“Blessed are you Simon son of Jonah! For flesh and blood has not revealed this to you but my Father in heaven.”
This is a miracle which all of us who sincerely make that same confession have each experienced. Whatever else we say about the history of the Church we cannot avoid the reality that in its origins the Church is miraculous. And the Church’s continued existence relies on the same miracle. Only God can reveal God and on that miraculous intervention our faith and the Church depend.

For all its miraculous origin and character, the Church is still always a human institution, and as such it is deeply flawed. One of the phrases by which can speak truthfully about the church is semper reformenda – “always in need of reform.” Perhaps what is most startling about the scene at Caesarea Philippi is not Peter’s confession, but the amount of trust which Jesus places in his followers:
“I will give you the keys to the kingdom of heaven. . .” 
The Church is miraculous but Jesus places it in human hands. But this unfortunately is a moment which eventually divides those who are united by Peter’s confession. The divisions in the Church always come down to questions of authority. Who gets to be in charge. And, who gets to say who is in charge. And human being being human are inclined to become argumentative on such topics. In the first instance, because he was first to speak, it is Peter who appears to put in charge:
“and whatever you bind on earth will be bound in heaven, and whatever you loose on earth will be loosed in heaven.”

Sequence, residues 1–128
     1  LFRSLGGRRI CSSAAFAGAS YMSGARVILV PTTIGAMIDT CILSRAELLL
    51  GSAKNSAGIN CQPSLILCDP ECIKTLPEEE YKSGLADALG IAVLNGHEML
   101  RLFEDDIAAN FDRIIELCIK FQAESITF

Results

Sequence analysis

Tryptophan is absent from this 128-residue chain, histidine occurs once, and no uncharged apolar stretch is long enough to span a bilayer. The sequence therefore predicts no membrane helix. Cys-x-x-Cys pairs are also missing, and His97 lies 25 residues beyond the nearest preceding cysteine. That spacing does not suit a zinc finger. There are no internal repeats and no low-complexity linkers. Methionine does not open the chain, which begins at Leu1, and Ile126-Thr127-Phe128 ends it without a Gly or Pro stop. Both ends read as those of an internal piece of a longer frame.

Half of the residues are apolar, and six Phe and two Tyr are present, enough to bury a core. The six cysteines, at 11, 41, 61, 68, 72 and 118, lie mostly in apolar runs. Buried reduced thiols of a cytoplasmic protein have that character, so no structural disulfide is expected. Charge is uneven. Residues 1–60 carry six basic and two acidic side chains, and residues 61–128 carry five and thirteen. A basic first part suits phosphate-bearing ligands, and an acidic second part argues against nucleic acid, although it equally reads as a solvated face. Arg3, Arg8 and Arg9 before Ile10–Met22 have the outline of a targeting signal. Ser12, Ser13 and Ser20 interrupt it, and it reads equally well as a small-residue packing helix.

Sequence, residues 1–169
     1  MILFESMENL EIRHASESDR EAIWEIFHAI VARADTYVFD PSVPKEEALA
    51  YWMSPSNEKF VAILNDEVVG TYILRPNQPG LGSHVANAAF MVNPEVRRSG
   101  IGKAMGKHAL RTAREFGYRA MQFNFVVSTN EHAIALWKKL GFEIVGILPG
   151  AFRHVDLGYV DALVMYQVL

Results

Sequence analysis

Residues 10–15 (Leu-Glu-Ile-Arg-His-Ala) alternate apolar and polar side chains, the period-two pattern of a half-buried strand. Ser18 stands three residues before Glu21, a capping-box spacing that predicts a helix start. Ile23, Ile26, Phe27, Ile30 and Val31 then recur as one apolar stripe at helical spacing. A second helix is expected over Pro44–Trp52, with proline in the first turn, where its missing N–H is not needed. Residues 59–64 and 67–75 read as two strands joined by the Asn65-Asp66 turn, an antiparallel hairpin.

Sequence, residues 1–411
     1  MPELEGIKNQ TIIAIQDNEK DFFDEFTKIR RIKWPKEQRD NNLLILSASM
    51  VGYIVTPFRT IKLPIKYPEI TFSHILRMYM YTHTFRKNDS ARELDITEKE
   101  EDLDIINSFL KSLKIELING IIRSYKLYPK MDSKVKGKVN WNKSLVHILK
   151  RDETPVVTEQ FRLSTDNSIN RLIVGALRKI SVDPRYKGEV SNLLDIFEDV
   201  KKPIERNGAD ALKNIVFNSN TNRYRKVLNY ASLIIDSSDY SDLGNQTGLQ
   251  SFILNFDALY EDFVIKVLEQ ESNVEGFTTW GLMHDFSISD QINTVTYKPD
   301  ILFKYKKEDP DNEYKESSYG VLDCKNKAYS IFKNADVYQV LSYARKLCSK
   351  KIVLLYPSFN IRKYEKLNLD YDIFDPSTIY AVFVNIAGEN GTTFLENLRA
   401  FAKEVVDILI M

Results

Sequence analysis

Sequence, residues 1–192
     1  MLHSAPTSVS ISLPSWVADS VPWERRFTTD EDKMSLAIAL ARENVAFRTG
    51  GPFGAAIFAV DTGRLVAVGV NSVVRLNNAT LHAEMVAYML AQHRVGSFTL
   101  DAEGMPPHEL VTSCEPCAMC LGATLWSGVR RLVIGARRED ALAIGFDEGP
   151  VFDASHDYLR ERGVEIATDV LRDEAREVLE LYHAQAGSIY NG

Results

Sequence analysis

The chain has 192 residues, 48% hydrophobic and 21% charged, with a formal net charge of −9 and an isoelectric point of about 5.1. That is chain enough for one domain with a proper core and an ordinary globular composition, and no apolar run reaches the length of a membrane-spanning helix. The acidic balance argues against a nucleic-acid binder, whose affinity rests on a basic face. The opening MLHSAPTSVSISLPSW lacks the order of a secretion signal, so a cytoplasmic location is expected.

But after Peter the issue becomes contentious. What is Peter’s role? And, what is Peter’s relationship with all the other disciples who come after him? Who is Peter’s successor? And, where does that authority reside now? Different traditions give different answers to these questions, and solve the question of authority in the Church in different ways. Those questions may seem remote to us. After all the power to resolve such questions of authority within and between the different traditions of the Church doesn’t rest with us. But we also know, at the most immediate level, that there is no row like the row you can have in church. And almost always the intensity of such arguments comes back to the question of authority. Who gets to do what. And, who gets to say that they can. At this point Jesus isn’t offering us any help in resolving such issues. And indeed in other places Jesus appears to give a very different picture of authority in the life of the Church than the one he gives here by appearing to place Peter in charge. But what we do see is that the origin of such tensions lie in the very first moment of the Church and in its dual nature as a miraculous phenomenon and a human institution.

At the close of this conversation which Jesus has with his disciples at Caesarea Philippi Jesus gives them what looks like his strangest instruction of all:
“He sternly ordered the disciples not to tell anyone that he was the Messiah.”